Surfeit in the sea
Two books examine the culture and customs of lobsters, and those who fish for them
The Secret Life of Lobsters: How Fishermen and Scientists Are Unraveling the Mysteries of Our Favorite Crustacean
By Trevor Corson
HarperCollins, 289 pp., $24.95
The Lobster Coast: Rebels, Rusticators, and the Struggle for a Forgotten Frontier
By Colin Woodard
Viking, 372 pp., $24.95
When you consider iconic American foods, most of the time there isn't much to say about the source or the provider.
There is some rugged romance to cowboys, but beef cattle are just movie extras. There is nothing exciting about turkeys, except for the wild ones when they appear in the neighborhood. As for corn . . . you can see where this is going.
Then, there are lobsters and lobstermen.
Lobsters are fascinating subjects in themselves, as revealed in Trevor Corson's ''The Secret Life of Lobsters," and the lobstermen are portrayed as craggy foragers in ''The Lobster Coast" by Colin Woodard.
There are overlaps, to be sure. Both writers have a Maine lobsterman or two with whom they go out as amateur sternmen -- Corson with Bruce Fernald out of Little Cranberry Island, Woodard with Jennifer Elderkin out of Southport Island. And the writers share a number of marine biology and ecology experts -- Bob Steneck, a University of Maine oceanographer, and Diane Cowan, a researcher at the Woods Hole Oceanographic Institution -- with whom they haul specimen traps, explore the lobsters' sea-bottom habitat, and observe them in their laboratories.
The differences between Corson and Woodard are in their individual styles and focuses. The reader will not go wrong with either -- and will be rewarded by both.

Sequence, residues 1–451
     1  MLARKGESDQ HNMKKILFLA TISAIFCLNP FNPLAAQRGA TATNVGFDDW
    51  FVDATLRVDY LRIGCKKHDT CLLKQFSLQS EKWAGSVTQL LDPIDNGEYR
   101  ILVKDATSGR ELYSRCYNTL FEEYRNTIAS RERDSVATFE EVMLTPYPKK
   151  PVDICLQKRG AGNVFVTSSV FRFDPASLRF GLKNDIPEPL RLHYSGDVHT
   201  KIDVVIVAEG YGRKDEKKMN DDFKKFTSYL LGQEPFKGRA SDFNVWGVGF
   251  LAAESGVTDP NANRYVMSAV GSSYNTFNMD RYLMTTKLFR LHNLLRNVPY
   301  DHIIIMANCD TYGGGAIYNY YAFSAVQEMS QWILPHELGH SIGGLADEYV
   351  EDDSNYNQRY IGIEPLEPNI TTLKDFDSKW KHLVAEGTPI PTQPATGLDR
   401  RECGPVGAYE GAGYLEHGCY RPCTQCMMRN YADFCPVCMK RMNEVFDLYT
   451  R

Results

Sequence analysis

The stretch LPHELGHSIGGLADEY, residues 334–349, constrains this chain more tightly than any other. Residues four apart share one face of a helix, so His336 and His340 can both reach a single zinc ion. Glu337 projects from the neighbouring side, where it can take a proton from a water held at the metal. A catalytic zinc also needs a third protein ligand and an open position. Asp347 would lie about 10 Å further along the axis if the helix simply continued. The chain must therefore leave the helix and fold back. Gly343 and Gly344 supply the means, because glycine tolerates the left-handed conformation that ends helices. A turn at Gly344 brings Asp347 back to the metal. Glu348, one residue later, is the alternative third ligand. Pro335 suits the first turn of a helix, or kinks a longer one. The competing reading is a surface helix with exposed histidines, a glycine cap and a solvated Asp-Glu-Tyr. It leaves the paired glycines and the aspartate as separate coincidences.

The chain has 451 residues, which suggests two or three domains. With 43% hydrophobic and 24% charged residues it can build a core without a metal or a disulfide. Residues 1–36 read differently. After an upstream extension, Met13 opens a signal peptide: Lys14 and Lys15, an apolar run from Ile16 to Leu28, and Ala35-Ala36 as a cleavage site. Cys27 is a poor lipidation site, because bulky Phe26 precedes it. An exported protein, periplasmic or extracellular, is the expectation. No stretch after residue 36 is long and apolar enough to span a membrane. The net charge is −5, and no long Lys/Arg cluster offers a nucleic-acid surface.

Corson, a freelance writer who lives in Cambridge, has a breezy style, rather on the salty side, that immediately captures and holds the reader's attention as he explains how lobsters live in their coastal environment -- as learned by scientists, and as seen by himself.
Take, for stick-in-the-mind examples, Corson's description of lobsters' mating habits. They mate only when the female has molted her old shell and before the new one hardens. The males, writes Corson, have to wait for ''the females to get undressed."
And when, in one laboratory experiment at Woods Hole, female lobsters ''pushed their way into the [male's] shelter, shed, copulated, and moved out in two days," Corson writes, ''it was the lobster equivalent of a one-night stand."
Woodard, also a freelance writer, is a Maine native who lives in Portland. His is a more straightforward style, which suits his broader focus on the history of Maine's fisheries and the culture of its fishing villages.
When the traditional livelihoods of Maine's coastal fishermen in offshore fisheries collapsed a century ago, Woodard writes, lobsters -- ''that ungainly crawler that infested the bottoms of the coves and harbors outside their bedroom windows" -- were to be their ''lasting salvation." Not only were they abundant and relatively easy to trap from small boats, but the arrival of summer people from the 1880s on ''provided a critical boost . . . by eating a great deal of fresh seafood."